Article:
“Endangered species to declare?” Europe’s understudied bushmeat trade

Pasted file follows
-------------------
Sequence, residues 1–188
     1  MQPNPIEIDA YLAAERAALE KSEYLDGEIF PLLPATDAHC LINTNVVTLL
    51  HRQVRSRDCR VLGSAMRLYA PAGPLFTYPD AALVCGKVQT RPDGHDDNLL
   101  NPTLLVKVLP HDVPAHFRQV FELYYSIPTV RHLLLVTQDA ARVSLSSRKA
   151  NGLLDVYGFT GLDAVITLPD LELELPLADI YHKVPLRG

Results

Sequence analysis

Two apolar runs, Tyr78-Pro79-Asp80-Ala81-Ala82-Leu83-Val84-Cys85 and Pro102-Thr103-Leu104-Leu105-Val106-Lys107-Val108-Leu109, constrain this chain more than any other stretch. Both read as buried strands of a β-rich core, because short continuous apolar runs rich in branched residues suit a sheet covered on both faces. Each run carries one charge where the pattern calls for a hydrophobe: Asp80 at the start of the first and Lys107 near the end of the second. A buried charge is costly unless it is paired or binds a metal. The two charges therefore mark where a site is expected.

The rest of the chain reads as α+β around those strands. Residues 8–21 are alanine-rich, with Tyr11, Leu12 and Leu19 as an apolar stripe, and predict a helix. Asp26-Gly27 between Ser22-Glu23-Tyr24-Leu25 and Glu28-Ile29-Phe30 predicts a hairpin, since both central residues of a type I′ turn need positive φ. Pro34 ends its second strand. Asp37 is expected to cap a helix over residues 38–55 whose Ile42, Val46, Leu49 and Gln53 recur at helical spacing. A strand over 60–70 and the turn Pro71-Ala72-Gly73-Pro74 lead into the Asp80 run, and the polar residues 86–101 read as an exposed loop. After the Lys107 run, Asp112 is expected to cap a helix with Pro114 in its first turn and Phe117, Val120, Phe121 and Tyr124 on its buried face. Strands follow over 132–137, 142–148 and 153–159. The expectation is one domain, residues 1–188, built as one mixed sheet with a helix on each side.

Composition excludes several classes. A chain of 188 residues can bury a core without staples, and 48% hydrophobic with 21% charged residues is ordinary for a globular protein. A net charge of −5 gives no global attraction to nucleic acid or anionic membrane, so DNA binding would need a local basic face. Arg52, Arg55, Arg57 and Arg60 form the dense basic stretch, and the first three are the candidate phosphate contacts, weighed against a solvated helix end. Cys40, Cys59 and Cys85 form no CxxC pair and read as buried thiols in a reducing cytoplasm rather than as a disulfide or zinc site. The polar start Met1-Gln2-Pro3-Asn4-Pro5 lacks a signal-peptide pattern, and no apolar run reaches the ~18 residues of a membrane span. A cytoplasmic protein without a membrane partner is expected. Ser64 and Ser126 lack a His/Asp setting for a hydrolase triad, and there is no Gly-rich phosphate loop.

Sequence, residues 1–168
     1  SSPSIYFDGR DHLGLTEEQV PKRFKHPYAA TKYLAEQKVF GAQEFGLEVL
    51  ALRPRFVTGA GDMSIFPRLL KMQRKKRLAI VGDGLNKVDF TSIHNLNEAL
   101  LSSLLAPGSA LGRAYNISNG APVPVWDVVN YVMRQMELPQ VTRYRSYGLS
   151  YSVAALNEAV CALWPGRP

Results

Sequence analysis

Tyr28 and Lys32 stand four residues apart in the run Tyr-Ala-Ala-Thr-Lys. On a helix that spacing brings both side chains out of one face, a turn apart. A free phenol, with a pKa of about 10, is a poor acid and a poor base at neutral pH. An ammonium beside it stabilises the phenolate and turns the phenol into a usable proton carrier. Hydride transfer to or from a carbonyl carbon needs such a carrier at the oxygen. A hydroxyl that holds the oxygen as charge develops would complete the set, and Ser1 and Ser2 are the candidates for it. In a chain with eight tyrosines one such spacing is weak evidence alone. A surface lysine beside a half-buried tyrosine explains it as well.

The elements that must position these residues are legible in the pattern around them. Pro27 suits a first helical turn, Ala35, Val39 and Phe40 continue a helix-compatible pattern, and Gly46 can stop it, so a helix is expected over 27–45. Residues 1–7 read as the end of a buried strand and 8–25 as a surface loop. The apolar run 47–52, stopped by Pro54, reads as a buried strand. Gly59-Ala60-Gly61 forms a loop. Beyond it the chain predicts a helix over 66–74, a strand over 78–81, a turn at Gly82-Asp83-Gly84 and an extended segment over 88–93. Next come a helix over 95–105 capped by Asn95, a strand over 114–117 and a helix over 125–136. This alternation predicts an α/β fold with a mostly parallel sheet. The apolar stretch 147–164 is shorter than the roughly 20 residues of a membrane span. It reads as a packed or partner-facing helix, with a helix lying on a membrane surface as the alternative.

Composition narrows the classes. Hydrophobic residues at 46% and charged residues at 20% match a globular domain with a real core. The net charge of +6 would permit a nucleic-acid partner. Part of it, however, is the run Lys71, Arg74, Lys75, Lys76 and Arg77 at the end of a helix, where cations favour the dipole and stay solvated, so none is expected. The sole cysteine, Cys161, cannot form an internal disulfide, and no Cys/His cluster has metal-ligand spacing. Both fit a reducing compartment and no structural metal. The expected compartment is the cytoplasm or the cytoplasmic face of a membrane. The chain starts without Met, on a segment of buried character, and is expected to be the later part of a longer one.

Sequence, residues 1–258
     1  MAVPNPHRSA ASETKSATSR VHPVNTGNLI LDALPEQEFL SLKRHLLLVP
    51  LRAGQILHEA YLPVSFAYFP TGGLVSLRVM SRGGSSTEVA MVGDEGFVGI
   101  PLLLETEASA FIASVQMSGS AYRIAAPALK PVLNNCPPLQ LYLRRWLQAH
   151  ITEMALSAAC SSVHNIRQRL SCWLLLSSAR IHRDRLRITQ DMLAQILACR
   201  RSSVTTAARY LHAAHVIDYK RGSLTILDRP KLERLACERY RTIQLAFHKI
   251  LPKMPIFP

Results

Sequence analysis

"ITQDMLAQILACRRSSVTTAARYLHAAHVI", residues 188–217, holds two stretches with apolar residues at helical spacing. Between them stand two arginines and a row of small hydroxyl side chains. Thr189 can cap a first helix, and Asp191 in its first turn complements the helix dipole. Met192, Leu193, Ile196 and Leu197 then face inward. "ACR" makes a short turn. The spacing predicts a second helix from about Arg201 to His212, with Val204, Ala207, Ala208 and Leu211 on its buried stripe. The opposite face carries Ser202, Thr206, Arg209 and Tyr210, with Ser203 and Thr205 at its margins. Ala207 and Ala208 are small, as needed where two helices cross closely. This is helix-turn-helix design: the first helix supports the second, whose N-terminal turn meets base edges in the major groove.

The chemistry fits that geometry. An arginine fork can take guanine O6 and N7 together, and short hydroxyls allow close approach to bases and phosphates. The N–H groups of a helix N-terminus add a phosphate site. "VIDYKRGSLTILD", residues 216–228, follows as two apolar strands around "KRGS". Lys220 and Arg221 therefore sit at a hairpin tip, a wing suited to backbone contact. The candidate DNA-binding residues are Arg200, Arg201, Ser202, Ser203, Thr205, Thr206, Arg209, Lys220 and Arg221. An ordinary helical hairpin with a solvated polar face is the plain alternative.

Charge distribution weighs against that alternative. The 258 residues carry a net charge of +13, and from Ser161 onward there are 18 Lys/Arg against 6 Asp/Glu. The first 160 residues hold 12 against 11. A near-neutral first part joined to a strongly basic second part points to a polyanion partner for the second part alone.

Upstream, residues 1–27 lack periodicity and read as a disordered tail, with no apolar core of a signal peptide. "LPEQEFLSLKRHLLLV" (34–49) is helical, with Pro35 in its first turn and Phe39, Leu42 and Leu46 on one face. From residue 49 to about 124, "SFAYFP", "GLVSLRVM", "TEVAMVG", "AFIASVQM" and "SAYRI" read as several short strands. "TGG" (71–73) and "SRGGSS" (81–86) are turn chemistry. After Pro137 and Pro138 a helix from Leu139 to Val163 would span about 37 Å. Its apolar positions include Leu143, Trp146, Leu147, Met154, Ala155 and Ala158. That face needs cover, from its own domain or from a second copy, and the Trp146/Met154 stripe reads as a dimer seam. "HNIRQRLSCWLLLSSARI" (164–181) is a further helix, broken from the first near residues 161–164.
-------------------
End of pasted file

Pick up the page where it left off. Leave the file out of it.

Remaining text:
first_imgArticle published by Glenn Scherer Animals, Apes, Biodiversity, Bushmeat, Chimpanzees, Conservation, Corruption, Critically Endangered Species, Endangered Species, Environment, Environmental Crime, Environmental Law, Featured, Great Apes, Law, Law Enforcement, Mammals, Pangolins, Primates, Tropical Forests, Wildlife, Wildlife Conservation, Wildlife Trade, Wildlife Trafficking Bushmeat can be purchased in Europe’s capital cities, with the meat of endangered species such as primates and pangolins available. But the scale of the problem is not fully understood as few studies have been undertaken at airports and other points of entry to determine its scope.In a Paris airport study, 134 passengers arriving from Africa were searched over a period of 17 days; nine were found to be carrying a total of 188 kilograms (414 pounds) of bushmeat. A more recent study of bushmeat arriving from Africa at two Swiss airports found that one third of meat seized was from threatened CITES species including pangolins, small carnivores and primates.Based on what evidence there is of the trade, some appears to be organized for profit, with traffickers transporting suitcases full of bushmeat to sell on the black market. Africans who reside in Europe also sometimes bring back bushmeat from Africa as a “taste of home,” potentially contributing to the risk of spreading diseases that may be found in the meat.Researchers are urging that DNA analysis tools be used more widely to learn what species are being transported as bushmeat into Europe, and to bring about more prosecutions of bushmeat traffickers who are dealing in endangered species. But with customs officials already stretched, and bushmeat a low priority, the technology is rarely utilized at present. A pangolin carcass confiscated by Swiss customs. Last year CITES placed a total ban on the trade of all pangolin species as they are in rapid decline in the wild due to their poaching to feed Asian markets. Pangolins are also being trafficked for consumption in Europe. Photo courtesy of the Tengwood OrganizationSwitzerland is home to CITES, the Convention on International Trade in Endangered Species of Wild Fauna and Flora. But that doesn’t mean it is immune from wildlife trafficking, or that some of its citizens haven’t developed a taste for bushmeat.“I’ve checked in on flights in Cameroon, which are going straight to Switzerland. I’ve been in line with people in front of me who have had big cool boxes in front of them, and they have checked them in without any problems,” says Karl Amman, who is credited with first exposing the bushmeat trade in the 90s and who continues studying the problem.An estimated 40 tons of bushmeat is flown into Geneva and Zurich airports every year, with a similar story likely unfolding in other European capitals, where poached, wild caught meat — including endangered species — is illegally being traded and served on urban dinner plates. The problem could be serious, and some trafficking could be well organized, but only a few surveys in a couple of countries have been done so far to determine what’s happening at European points of entry.While most of the wildlife trade occurring around the world remains in-country — whether in Africa, Southeast Asia or the Americas — experts are absolutely certain that bushmeat is finding its way to Europe’s biggest cities, where demand for exotic delicacies or a “taste of home” drives a trade which has yet to be quantified. Among the endangered species being served as bushmeat in Europe may be endangered great apes, though no one knows how many and how often.The head of a monkey from the Cercopithecus family, also known as guenons, and an assortment of other bushmeat confiscated in Switzerland. Because all charred meat looks largely the same to customs inspectors, seized bushmeat is often destroyed without identifying what species it came from. As a result, researchers are unsure what percentage of transported bushmeat comes from endangered species. Photo courtesy of the Tengwood OrganizationKnow your bushmeat species To the untrained eye, bushmeat — particularly when chopped up and smoked — is unrecognizable as to its species of origin. Herein lies the key problem regarding customs enforcement, with already harried officials facing a long list of perceived threats ranging from terrorists to illegal immigrants, and likely untrained in bushmeat species identification — no less, spotting the meat of endangered species. As a result, the charred remains being transported into Europe that are sometimes confiscated are often at best categorized as “bushmeat” or “wildmeat,” or more typically just as “products of animal origin” (which includes domestic meat or fish).This lack of data makes the work of researchers like Noëlle Kümpel of the Zoological Society of London (ZSL) and chair of the U.K. Bushmeat Working Group, all the more difficult. “In the UK, [the Department for Environment, Food and Rural Affairs] publishes annual reports of confiscations of products of animal origin,” she told mongabay.com. But there is no specific account of bushmeat quantities.Another problem: due to the potential health hazards posed by the inadequate handling of poorly slaughtered meat, confiscated bushmeat is often disposed of or incinerated immediately, without species documentation.That is not to say that bushmeat does not carry health risks, as slaughtered meat has been linked to a wide range of diseases, including HIV, Marberg, and E.coli. It has been suggested that the U.K.’s foot and mouth epidemic at the beginning of the last decade originated with bushmeat imports. It is also suspected that the 2013 outbreak of Ebola in West Africa was spread via the consumption of infected fruit bats.In the wake of these epidemics, there have been fears that illegally imported bushmeat could be a gateway for such viruses to enter European cities. In March 2015, Kümpel and her colleagues released a review entitled “Bushmeat and Ebola: Myth and Reality,” in an attempt to clarify some of the confusion regarding claims that the bushmeat trade was behind the 2013 Ebola outbreak and could cause a global pandemic.Ebola can be active in untreated bushmeat for only up to 3-4 days, the researchers wrote, and given that much of the trafficked meat is smoked, the chances of the virus surviving the journey to Europe or the U.S. is low. “The risk of spread to new areas lies with the movement of infected people, not infected meat.”Still, the potential threat of disease is why bushmeat is rarely stored for analysis — unlike ivory, rhino horn, great ape skulls or other identifiable wildlife parts. The fear of infectious disease being transmitted via bushmeat to humans and/or livestock, and the resulting rapid destruction of trafficked meat, continues to hamper scientific evaluation of European trafficking patterns.Even when bushmeat specimens are preserved for examination, experts can still miss the mark. “We call ourselves bushmeat specialists, and we believe we can recognize it. But many times we were wrong,” Bruno Tenger says of past analyses. He is part of the Tengwood Organization and a member of the team that studied bushmeat entry in Switzerland. DNA analysis is the only sure way to identify the species of origin with certainty.“So really that DNA step is critical,” Tenger’s research partner Kathy Wood adds. This is not, however, a test currently being conducted on bushmeat seizures at international airports and at other points of entry.A blue duiker (Cephalophus monticola). Widely consumed as bushmeat, blue duikers are listed on CITES Appendix II, meaning that trade is controlled. Blue duikers and rodents made up 75 percent of carcasses found in the Paris airport study. Photo by Derek Keats, Flickr Creative CommonsEurope as destination for the bushmeat tradeAlthough authorities have long known that bushmeat is turning up on European plates, one of the first significant insights into the trade occurred only eight years ago in Paris. Researchers from ZSL and Toulouse’s École Nationale Vétérinaire and Muséum d’Histoire Naturelle surveyed bushmeat confiscated at Charles de Gaulle airport on flights arriving from Africa. Over a period of 17 days, a total of 134 passengers were searched; nine were found to be carrying a total of 188 kilograms (414 pounds) of bushmeat.Extrapolating the figures, the researchers say around 270 tons could pass through this one airport every year. Multiplying these totals by all of Europe’s major airports, the scale of trafficking came as a big shock to researchers. “People knew that bushmeat was being traded, but they didn’t know to what extent,” said Anne-Lise Chaber, who led the research.Chaber notes that the team studied Charles de Gaulle in part because of other airports’ unwillingness to open their doors to scrutiny. “I’m sure that if we were to conduct the study in other capitals, we would find a similar trend… most of the big cities are likely to be impacted by the bushmeat trade.”Four years later this hypothesis was given greater credence in Switzerland.Tenger and Wood of the Tengwood Organization studied bushmeat arriving at Geneva and Zurich airports. The 40 tons per year that they believe is being smuggled into the country may not sound like a large number, in comparison to the thousands of tons poached for local and urban consumption in African states, but for the researchers it came as a shock.African brush tailed porcupine corpse. Although considered a species of Least Concern by the IUCN, its widespread consumption is considered a conservation problem. Photo courtesy of the Tengwood OrganizationThe scientists believe their study was only likely green lighted because customs authorities assumed there was nothing, or very little, to find. “They thought they had a very small problem. The surprising things were, first of all, that [bushmeat] was coming in, and in some volume,” Wood told Mongabay.The Swiss study added new detail to the trade: DNA analysis was used to pinpoint exactly which species were being trafficked. One-third of the meat was found to be from threatened CITES species including pangolins, small carnivores and primates. Three species of guenon (African monkeys) were found, all being trafficked from Cameroon.“If it’s coming into Switzerland, which is a tiny country and the seat of CITES, then it’s obviously coming into lots of other places,” Wood concludes.To raise awareness of the bushmeat issue, the Tengwood Organization collaborated with the Swiss Federal Food Safety and Veterinary authority to produce a brochure featuring graphic images of charred bushmeat to help customs officials identify trafficked species.According to the Swiss CITES biannual report covering 2013/14, seven confiscations of identified bushmeat weighing a total of 83.3 kilograms (183 pounds) took place over that period, with 8,500 Swiss Francs (US $8,431) in fines handed out. The steepest penalty, totalling 3,000 Swiss Francs was charged for the smuggling of 30 kilograms (66 pounds) of bushmeat, which encompassed a wide range of species such as Near Threatened bay duikers (Cephalophus dorsalis), the African brush tailed porcupine (Atherurus africanus), and endangered pangolins.“Switzerland faces the same challenges as any other country: it is not possible to have a control that covers every incoming passenger, and therefore there will always be imports that go undetected,” says Lisa Bradbury, a scientist with the Swiss CITES Management Authority. “The study has not had any direct impact on [confiscations] within Switzerland that we could measure or quantify.”The Swiss study and the brochure have, however, “hopefully” assisted customs officers along with CITES officials to identify which species are CITES listed and so warrant a fine. Non-CITES species trafficked as bushmeat are destroyed with no further action taken, Bradbury reports.Whether great apes are coming into Europe or not as bushmeat in any amount, is difficult to say without significantly more research. But “whether it’s a great ape or other primates, it’s still a real concern; many, many primates are on the IUCN Red List,” says Michael Bruford, a molecular ecologist at Cardiff University. He urges the regular use of inexpensive DNA analysis at points of entry to gather data. Photo of captive chimpanzee by Rhett A. ButlerGreat apes on the menu, or an urban myth?Great ape meat is making the journey across the world’s oceans to Europe too — though the seriousness and scope of this trafficking is largely unknown with little recent data. In a 2006 study 27 gorilla and chimpanzee parts were recorded in bushmeat markets in cities in North America and Western Europe.There are stories told of great ape bushmeat being found in New York and Toronto; and claims that it’s also been sold in Paris, Brussels, and even in the English midlands. But researchers haven’t quantified how much is being trafficked and what proportion of the bushmeat trade it constitutes — if any at all. This lack of knowledge isn’t a reason to feel reassured, but is rather a cause for concern. Research is needed to see whether rumors are the only thing being spread, or whether great ape bushmeat is flowing into European markets.In Africa itself, great apes make up just a sliver of the entire bushmeat trade. But while apes are not usually targeted by hunters, poaching is still cited as one of the main drivers of their decline. Other endangered species are eaten in far greater quantities, but even a few great apes poached can pose great risk to these highly threatened species: Last year the Eastern Lowland gorilla, also known as Grauer’s gorilla (Gorilla beringei graueri) was classified as Critically Endangered by the IUCN, and it is thought as few as 5,000 remain in the wild. Three other great apes, the Western Lowland gorilla (Gorilla gorilla gorilla), Bornean Orangutan (Pongo pygmaeus) and Sumatran orangutan (Pongo abelii) are also listed as Critically Endangered; chimpanzees (Pan troglodytes) and bonobos (Pan paniscus), meanwhile, are listed as Endangered, with their numbers dwindling year on year.During his career, Tom de Meulenaer, Chief of Science at the CITES Secretariat in Geneva, has heard many rumors of ape meat being available in European cities. He says that the scarcity of evidence suggests the trade is likely little more than an urban myth. “We would hear about it,” he asserts. “It’s like with rhinos, you hear about it, and there are confiscations. In the case of primates, it’s extremely rare that any consumption is reported taking place outside of Africa.”However, not all bushmeat researchers agree with this view: Chaber points out that her study was quite small in scale and scope, and just because it did not identify any great ape bushmeat, does not mean the primates are not being trafficked.Tenger notes that, because customs officials are not analyzing seized meat, it is very possible that great apes are among the smuggled bushmeat: “You don’t even know what you have, you could be throwing out a piece of great ape and you wouldn’t even know that it happened.”“[T]here is no serious effort to identify the smoked meat that comes to Europe from central Africa. It can be from any animal… That is the reality,” de Meulenaer concedes.A pangolin about to be turned into bushmeat in Cameroon. One question facing European investigators is how much of the bushmeat trade is being carried out by criminal traffickers to feed a hunger for exotic delicacies, or being done by Africans wanting to serve up a “taste of home” to relatives in Europe. Photo by Eric Freyssinge licensed under the Creative Commons Attribution-Share Alike 4.0 International licenseThe need for certaintyIn light of this lack of data, researchers are urging much more DNA sampling. And according to Michael Bruford, a molecular ecologist at Cardiff University, DNA analysis of smoked bushmeat could be pretty easily accomplished at national points of entry.In a 2011 study conducted in Guinea-Bissau, Bruford and a team of researchers used DNA barcoding to identify species from various lumps of charred meat available at local markets. They were looking for evidence of great ape consumption, but found instead that vendors were regularly misidentifying the meat they were selling. They discovered that warthog meat was being sold as baboon — one of the most expensive meats in Guinea-Bissau — and also that Campbell’s mona monkey (Cercopithecus campebelli), an IUCN species of Least Concern, was the second most traded species, contrary to local belief.Bruford says it’s a pity that such a DNA sampling tool isn’t used more widely, especially with international customs, as it’s cheap and simple to use. He believes that its implementation could help to both identify bushmeat species and narrow down the country of origin, potentially facilitating prosecutions, similarly to the Rhino DNA Indexing System used to catch rhino poachers.Despite being available since 2009, he says that wider use of this technology “has never really come onto the radar” of border inspection agents, likely because the identification of bushmeat is far from being a top priority.As to whether great apes would be found coming into Europe or not, Bruford can’t say, but he argues that “whether it’s a great ape or other primates, it’s still a real concern; many, many primates are on the IUCN Red List.”“Taste of home” or organized crime?One important question still largely unanswered is whether the global bushmeat trade is primarily conducted by individuals, or is part of larger underworld criminal trafficking networks.In the 1990s, diplomatic couriers were known to be traveling from Africa to Europe with bags packed with bushmeat, according to de Meulenaer. He believes that these sophisticated trafficking rings no longer exist, but admits the numbers gleaned from the few available studies speak for themselves: “Bushmeat doesn’t come in by itself,” he says. “There must be some regular back and forth. Otherwise you don’t bring in these quantities of meat.”It is known that some Africans traveling between their home states and new residences in Europe, do bring back a little meat, in much the same way that a Frenchman traveling to a new home in New York might stuff a bag with a few wheels of premium French cheese. This practice, known as bringing back a “taste of home” is common among West Africans, where bushmeat has a long tradition.Importantly, this practice doesn’t necessarily involve the trafficking of endangered species; cane rats are commonly consumed in West Africa, and are often found in bushmeat confiscations. In 2013, rodents made up half of 543 bushmeat confiscations in a U.S. study.African brush-tailed porcupine (Atherurus africanus) being sold for meat in Cameroon’s East Province. This species was detected among confiscated bushmeat coming into Europe. Photo by Anonymous. Permission is granted to copy, distribute and/or modify this document under the terms of the GNU Free Documentation License, Version 1.2However, other people travel with nothing but bushmeat packed into their bags, suggesting that the meat is being trafficked simply to be sold to market dealers. Smuggling profits can be lucrative. A four kilogram (8.8 pound) monkey can cost around €100 (or around US$105) in Paris, compared to €5 for the same (around US$5.37) meat in Cameroon.Amman states that this trade is “specialized,” and run by people who are aware of where enforcement is strictest. He notes that unlike other wildlife products, such as ivory or rhino horn, which have limited trade routes, “bushmeat is distributed wherever you go.” In Europe this may be wherever there are migrant populations of Africans. To what extent the trade may also extend to gourmet or delicacy markets is unknown, as is the involvement of organized crime in transport.The tip of the icebergWhat is known with some certainty is that Europe’s struggle with an influx of bushmeat is small compared to the far greater crisis unfolding in Africa.“One thing we are all concerned about is the massive impact of bushmeat markets in Central Africa and Western Africa,” de Meulenaer says. “There are estimates that the annual harvest of wild animals is six times what the forest can sustain. Actually, Africa is eating its forests and we are looking at empty forest syndrome — like what we have in Southeast Asia — in a very short time.”“There is very little that is being done” to staunch this escalating crisis, he warns.The European bushmeat market does play an important role, however. It represents a lucrative end point for African traffickers, and it is a place where they can get high prices for increasingly rare African species, making transport of illegal meat worth the potential risks, which appear to be minimal at present due to lax enforcement. This could mean that as African species get rarer still, and fetch a higher price abroad, Europe and the U.S. could turn into burgeoning bushmeat markets.As de Meulenaer points out, the “entire subsistence aspect of the bushmeat trade has changed.” Whereas many remote local people still rely upon bushmeat for their daily protein intake and livelihood, there is also a thriving market for endangered species concentrated in African cities. “It’s become an industry to supply the market, the megacities that are the capitals of these countries.” And it’s only a small step for traders to seek the bigger profits to be made by trafficking across the Mediterranean.In light of this potential threat, researchers urge that important questions be resolved soon regarding Europe’s role in the international bushmeat trade. Regulators and law enforcement need to know: how much meat is being trafficked? Is great ape bushmeat being smuggled along with numerous endangered, and non-endangered, species? If so, in what quantities? And are the amounts of meat being transported increasing?Kümpel urges that research be done to quantify the scale of the problem, then create mechanisms to monitor the trade. The former must happen before enforcement measures can be applied, she says. “At the moment we just have the confiscation data, and it doesn’t single out bushmeat [by species], so we can’t see whether this is an increasing or decreasing problem,” she says.Until the quantity of bushmeat being trafficked into Europe is accurately known, and what species are being traded, the threat to endangered species, including primates, will remain a mystery.You are what you eatExperts say that still another piece in this complex trade puzzle needs to be examined: consumers.Analysis of bushmeat eating habits and trends in African immigrant communities in Europe is essential for developing an understanding of the trade, the health risks involved, and the conservation issues which arise from it. At the moment there is “very little” of this kind of data, or engagement with migrant communities to get it, according to de Meulenaer.When looking at Africa-to-Europe trafficking, it is important not to demonize the trade, Kümpel cautions, noting that headlines denouncing those who eat rats or monkeys are not helpful, they provoke horror in some people because “we are more detached from those traditional lifestyles” in the West. “I have no problem with hunting and consumption and the trade of bushmeat, the concern is where there are conservation and health risks to it,” she concludes.While charismatic species such as elephants and rhinos remain at the forefront of the battle against wildlife trafficking, beyond the ivory tusks, tiger bones and leopard skins may lie a potentially large international trade in exotic meat from threatened species which could be steady, or may be increasing — we just don’t know. It may also turn out to be a traffic predominantly made up by less threatened species, but such a trade may not be sustainable, and potentially devastating in the long term.That’s why enhanced, and on-going, monitoring is needed now at points of entry to discover just how much bushmeat is coming into Europe, what species are being trafficked, and whether trends are going up or down. What we find may be shocking, but no matter what, thorough study will provide vital actionable data. Popular in the CommunitySponsoredSponsoredOrangutan found tortured and decapitated prompts Indonesia probeEMGIES17 Jan, 2018We will never know the full extent of what this poor Orangutan went through before he died, the same must be done to this evil perpetrator(s) they don’t deserve the air that they breathe this has truly upset me and I wonder for the future for these wonderful creatures. So called ‘Mankind’ has a lot to answer for we are the only ones ruining this world I prefer animals to humans any day of the week.What makes community ecotourism succeed? In Madagascar, location, location, locationScissors1dOther countries should also learn and try to incorporateWhy you should care about the current wave of mass extinctions (commentary)Processor1 DecAfter all, there is no infinite anything in the whole galaxy!Infinite stupidity, right here on earth.The wildlife trade threatens people and animals alike (commentary)Anchor3dUnfortunately I feel The Chinese have no compassion for any living animal. They are a cruel country that as we knowneatbeverything that moves and do not humanily kill these poor animals and insects. They have no health and safety on their markets and they then contract these diseases. Maybe its karma maybe they should look at the way they live and stop using animals for all there so called remedies. DisgustingConservationists welcome China’s wildlife trade banThobolo27 JanChina has consistently been the worlds worst, “ Face of Evil “ in regards our planets flora and fauna survival. In some ways, this is nature trying to fight back. This ban is great, but the rest of the world just cannot allow it to be temporary, because history has demonstrated that once this coronavirus passes, they will in all likelihood, simply revert to been the planets worst Ecco Terrorists. Let’s simply not allow this to happen! How and why they have been able to degrade this planets iconic species, rape the planets rivers, oceans and forests, with apparent impunity, is just mind boggling! Please no more.Probing rural poachers in Africa: Why do they poach?Carrot3dOne day I feel like animals will be more scarce, and I agree with one of my friends, they said that poaching will take over the world, but I also hope notUpset about Amazon fires last year? Focus on deforestation this year (commentary)Bullhorn4dLies and more leisSponsoredSponsoredCoke is again the biggest culprit behind plastic waste in the PhilippinesGrapes7 NovOnce again the article blames companies for the actions of individuals. It is individuals that buy these products, it is individuals that dispose of them improperly. If we want to change it, we have to change, not just create bad guys to blame.Brazilian response to Bolsonaro policies and Amazon fires growsCar4 SepThank you for this excellent report. I feel overwhelmed by the ecocidal intent of the Bolsonaro government in the name of ‘developing’ their ‘God-given’ resources.U.S. allocates first of $30M in grants for forest conservation in SumatraPlanet4dcarrot hella thick ;)Melting Arctic sea ice may be altering winds, weather at equator: studyleftylarry30 JanThe Arctic sea ice seems to be recovering this winter as per the last 10-12 years, good news.Malaysia has the world’s highest deforestation rate, reveals Google forest mapBone27 Sep, 2018Who you’re trying to fool with selective data revelation?You can’t hide the truth if you show historical deforestation for all countries, especially in Europe from 1800s to this day. WorldBank has a good wholesome data on this.Mass tree planting along India’s Cauvery River has scientists worriedSurendra Nekkanti23 JanHi Mongabay. Good effort trying to be objective in this article. I would like to give a constructive feedback which could help in clearing things up.1. It is mentioned that planting trees in village common lands will have negative affects socially and ecologically. There is no need to even have to agree or disagree with it, because, you also mentioned the fact that Cauvery Calling aims to plant trees only in the private lands of the farmers. So, plantation in the common lands doesn’t come into the picture.2.I don’t see that the ecologists are totally against this project, but just they they have some concerns, mainly in terms of what species of trees will be planted. And because there was no direct communication between the ecologists and Isha Foundation, it was not possible for them to address the concerns. As you seem to have spoken with an Isha spokesperson, if you could connect the concerned parties, it would be great, because I see that the ecologists are genuinely interested in making sure things are done the right way.May we all come together and make things happen.Rare Amazon bush dogs caught on camera in BoliviaCarrot1 Feba very good iniciative to be fallowed by the ranchers all overSponsored FEEDBACK: Use this form to send a message to the author of this post. If you want to post a public comment, you can do that at the bottom of the page.last_img read more